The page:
The Framingham Heart Study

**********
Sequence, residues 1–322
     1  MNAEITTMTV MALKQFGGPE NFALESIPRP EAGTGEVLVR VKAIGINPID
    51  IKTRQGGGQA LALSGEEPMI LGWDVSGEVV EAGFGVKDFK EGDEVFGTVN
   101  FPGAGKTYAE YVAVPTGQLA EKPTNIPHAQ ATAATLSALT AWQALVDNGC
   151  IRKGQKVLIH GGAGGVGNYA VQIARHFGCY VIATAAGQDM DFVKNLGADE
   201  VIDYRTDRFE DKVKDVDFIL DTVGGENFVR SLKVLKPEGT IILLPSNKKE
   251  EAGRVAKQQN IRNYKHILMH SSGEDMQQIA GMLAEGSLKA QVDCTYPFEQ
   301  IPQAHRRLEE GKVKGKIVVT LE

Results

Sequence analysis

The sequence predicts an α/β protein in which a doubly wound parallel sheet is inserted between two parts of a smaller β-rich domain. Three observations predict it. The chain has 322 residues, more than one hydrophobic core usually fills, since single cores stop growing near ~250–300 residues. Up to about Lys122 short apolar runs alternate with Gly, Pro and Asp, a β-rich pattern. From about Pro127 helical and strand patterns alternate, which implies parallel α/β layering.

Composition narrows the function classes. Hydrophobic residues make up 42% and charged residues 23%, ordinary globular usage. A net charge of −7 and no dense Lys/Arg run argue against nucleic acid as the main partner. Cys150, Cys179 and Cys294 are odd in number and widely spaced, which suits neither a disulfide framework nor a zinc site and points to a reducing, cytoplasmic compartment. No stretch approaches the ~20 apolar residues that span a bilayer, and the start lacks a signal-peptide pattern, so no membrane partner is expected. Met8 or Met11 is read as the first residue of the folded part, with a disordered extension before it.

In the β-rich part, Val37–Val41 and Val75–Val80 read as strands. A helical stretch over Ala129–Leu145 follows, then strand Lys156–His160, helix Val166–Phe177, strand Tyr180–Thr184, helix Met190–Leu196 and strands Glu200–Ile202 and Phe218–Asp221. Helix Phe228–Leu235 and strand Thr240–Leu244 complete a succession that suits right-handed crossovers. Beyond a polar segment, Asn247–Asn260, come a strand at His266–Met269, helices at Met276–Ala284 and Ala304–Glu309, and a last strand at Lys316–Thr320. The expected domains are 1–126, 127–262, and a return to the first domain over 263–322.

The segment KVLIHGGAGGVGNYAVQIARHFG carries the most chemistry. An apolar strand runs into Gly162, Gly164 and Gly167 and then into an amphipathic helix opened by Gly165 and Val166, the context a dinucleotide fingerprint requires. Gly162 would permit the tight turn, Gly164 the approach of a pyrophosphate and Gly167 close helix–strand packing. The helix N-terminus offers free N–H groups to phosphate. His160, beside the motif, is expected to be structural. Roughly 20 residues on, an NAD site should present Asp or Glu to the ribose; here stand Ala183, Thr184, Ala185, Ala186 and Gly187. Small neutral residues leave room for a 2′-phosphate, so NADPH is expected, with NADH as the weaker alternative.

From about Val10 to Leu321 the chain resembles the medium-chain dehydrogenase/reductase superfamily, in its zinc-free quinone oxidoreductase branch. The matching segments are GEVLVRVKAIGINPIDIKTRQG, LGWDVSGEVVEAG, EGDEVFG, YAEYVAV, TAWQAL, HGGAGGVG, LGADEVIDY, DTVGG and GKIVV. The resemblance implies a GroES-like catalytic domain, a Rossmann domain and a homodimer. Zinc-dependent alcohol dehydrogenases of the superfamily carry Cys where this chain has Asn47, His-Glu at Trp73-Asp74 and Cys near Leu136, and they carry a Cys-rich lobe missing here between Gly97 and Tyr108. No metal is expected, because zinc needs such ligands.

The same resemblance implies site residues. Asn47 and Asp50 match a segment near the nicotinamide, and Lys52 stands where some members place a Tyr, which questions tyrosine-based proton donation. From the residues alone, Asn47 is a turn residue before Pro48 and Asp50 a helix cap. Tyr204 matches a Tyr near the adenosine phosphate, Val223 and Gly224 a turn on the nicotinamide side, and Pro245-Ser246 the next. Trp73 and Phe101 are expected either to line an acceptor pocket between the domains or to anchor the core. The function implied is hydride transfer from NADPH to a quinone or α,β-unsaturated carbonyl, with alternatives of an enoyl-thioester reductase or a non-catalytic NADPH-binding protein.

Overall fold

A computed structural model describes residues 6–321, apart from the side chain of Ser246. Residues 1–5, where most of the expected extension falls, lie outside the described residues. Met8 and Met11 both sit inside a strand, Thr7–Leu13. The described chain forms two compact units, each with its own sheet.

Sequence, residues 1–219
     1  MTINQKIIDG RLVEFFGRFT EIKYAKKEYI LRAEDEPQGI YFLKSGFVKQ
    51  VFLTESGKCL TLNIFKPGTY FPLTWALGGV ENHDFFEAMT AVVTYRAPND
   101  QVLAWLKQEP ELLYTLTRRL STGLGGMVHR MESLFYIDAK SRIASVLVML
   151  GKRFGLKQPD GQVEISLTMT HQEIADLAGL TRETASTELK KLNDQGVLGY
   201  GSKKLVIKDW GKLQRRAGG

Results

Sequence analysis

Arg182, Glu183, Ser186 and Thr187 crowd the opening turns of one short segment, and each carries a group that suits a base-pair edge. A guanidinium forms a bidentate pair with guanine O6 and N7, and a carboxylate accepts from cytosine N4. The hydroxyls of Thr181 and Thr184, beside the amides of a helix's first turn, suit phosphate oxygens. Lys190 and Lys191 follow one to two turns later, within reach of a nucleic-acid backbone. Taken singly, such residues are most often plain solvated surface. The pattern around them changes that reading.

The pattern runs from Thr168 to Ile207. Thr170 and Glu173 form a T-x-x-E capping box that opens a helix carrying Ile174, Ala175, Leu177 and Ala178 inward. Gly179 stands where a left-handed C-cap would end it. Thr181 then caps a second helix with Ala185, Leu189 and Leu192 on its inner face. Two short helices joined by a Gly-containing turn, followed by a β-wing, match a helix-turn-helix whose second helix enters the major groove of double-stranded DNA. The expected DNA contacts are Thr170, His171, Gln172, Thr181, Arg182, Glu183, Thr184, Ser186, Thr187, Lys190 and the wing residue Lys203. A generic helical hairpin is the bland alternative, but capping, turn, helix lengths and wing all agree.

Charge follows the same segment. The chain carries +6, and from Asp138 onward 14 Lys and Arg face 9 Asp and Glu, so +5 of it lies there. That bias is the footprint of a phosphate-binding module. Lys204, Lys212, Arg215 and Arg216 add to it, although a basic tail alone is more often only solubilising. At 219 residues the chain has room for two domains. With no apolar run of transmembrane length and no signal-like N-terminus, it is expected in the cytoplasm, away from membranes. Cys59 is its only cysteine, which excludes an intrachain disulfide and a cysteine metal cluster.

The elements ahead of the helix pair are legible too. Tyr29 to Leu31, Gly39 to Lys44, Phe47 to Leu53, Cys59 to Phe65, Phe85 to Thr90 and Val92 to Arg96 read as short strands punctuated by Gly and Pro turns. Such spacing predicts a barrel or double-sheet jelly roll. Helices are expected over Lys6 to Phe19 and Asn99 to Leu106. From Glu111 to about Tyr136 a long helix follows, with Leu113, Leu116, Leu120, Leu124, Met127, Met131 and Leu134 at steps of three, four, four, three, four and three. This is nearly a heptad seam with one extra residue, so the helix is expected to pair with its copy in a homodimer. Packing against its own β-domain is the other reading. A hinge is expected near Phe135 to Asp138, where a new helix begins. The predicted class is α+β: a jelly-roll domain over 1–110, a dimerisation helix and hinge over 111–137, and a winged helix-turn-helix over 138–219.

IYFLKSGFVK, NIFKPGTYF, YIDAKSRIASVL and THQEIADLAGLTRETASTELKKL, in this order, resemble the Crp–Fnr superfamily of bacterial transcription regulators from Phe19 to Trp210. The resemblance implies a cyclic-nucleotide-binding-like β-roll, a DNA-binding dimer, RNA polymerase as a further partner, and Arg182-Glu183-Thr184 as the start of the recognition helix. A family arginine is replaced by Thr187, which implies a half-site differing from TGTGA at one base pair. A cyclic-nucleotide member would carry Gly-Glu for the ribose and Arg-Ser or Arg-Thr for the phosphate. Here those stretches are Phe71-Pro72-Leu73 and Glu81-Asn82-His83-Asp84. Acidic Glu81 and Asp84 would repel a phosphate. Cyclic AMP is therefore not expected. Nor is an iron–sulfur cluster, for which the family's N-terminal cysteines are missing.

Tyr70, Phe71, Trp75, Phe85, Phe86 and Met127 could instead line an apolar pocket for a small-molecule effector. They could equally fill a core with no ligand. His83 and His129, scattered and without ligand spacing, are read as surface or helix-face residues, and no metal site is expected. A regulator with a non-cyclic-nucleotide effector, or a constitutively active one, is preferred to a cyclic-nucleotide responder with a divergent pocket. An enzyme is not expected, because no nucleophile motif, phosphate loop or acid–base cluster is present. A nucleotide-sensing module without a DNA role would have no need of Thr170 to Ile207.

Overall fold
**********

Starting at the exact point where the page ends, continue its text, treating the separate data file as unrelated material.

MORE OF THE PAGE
The Framingham Heart Study is a longitudinal cohort study that began in 1948 and continues to this day. The objectives for the Framingham Heart Study are to significantly expand knowledge about the complex influences of genes and environment on development and progression of heart, lung, blood and sleep (HLBS) diseases and disorders, by utilizing the extensive array of new and existing information on genetics, behaviors, biomarkers, imaging techniques, and environmental factors. This objective is accomplished through re-examination of each of the three Framingham cohorts (Original, Offspring, Generation III) for measurement of complex phenotypes; through rapid distribution of DNA for extensive and focused genotyping; for rapid distribution of genetic and phenotypic measurements for use by investigators internal and external to the Framingham Study; and through analyses of the contribution of genes, new and established risk factors, and innovative biomarkers to the development and progression of subclinical and clinical disease. [unreadable][unreadable]Starting in late 2009, the Framingham Omni cohorts will be integrated into the contract for the Framingham Heart Study. The Omni cohort participants, consisting of minority residents of Framingham, MA, were recruited by Framingham Heart Study investigators in 1994-1995 (Omni Cohort 1) and 2003-2005 (Omni Cohort 2) to complement the study and reflect the growing diversity of that community. The Omni cohorts consisted of Hispanics, African Americans, Asians, and a few American Indians. Three examinations and one examination were conducted on the Omni Cohort 1 and Omni Cohort 2, respectively, with funding provided through NIH grants to Boston University. By integrating the Omni cohort into the Framingham Heart Study contract, the Omni cohorts will consistently receive the same surveillance and examination as the rest of the Framingham Heart Study participants. The integration of the Omni cohort will make the study findings more applicable to the community.